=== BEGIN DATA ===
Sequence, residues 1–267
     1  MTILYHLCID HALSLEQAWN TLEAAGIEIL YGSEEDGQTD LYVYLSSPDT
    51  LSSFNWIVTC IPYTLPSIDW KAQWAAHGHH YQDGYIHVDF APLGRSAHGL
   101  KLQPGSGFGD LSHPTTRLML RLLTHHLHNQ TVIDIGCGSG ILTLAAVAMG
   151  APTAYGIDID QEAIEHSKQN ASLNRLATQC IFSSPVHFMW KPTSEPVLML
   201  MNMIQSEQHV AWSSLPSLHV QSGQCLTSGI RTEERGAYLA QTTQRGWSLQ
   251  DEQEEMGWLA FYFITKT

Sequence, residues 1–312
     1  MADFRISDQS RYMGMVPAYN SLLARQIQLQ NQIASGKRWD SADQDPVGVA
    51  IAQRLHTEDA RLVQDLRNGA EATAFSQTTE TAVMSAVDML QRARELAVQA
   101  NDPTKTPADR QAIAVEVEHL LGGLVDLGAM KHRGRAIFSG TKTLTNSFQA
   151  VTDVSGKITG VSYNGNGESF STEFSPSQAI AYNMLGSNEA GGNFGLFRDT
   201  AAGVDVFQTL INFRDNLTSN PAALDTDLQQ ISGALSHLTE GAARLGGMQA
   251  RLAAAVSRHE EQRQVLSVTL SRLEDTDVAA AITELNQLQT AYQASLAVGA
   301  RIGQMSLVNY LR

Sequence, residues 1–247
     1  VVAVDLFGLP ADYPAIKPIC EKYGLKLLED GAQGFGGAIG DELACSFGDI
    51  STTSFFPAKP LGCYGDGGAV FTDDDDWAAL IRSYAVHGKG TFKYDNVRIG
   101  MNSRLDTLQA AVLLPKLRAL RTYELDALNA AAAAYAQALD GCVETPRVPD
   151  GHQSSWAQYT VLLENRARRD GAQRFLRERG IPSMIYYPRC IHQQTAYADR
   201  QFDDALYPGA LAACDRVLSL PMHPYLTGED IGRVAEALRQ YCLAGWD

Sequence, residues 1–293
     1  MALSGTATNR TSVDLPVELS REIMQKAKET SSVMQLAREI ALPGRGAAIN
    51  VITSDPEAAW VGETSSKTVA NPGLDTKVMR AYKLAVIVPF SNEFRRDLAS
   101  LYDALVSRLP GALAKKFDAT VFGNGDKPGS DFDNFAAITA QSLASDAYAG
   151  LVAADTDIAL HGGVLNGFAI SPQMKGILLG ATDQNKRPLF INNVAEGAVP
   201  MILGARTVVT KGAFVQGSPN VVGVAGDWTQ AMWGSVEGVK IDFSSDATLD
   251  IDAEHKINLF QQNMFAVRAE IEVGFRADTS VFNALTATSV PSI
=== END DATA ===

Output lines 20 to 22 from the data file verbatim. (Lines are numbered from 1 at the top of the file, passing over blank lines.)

   151  GHQSSWAQYT VLLENRARRD GAQRFLRERG IPSMIYYPRC IHQQTAYADR
   201  QFDDALYPGA LAACDRVLSL PMHPYLTGED IGRVAEALRQ YCLAGWD

Sequence, residues 1–293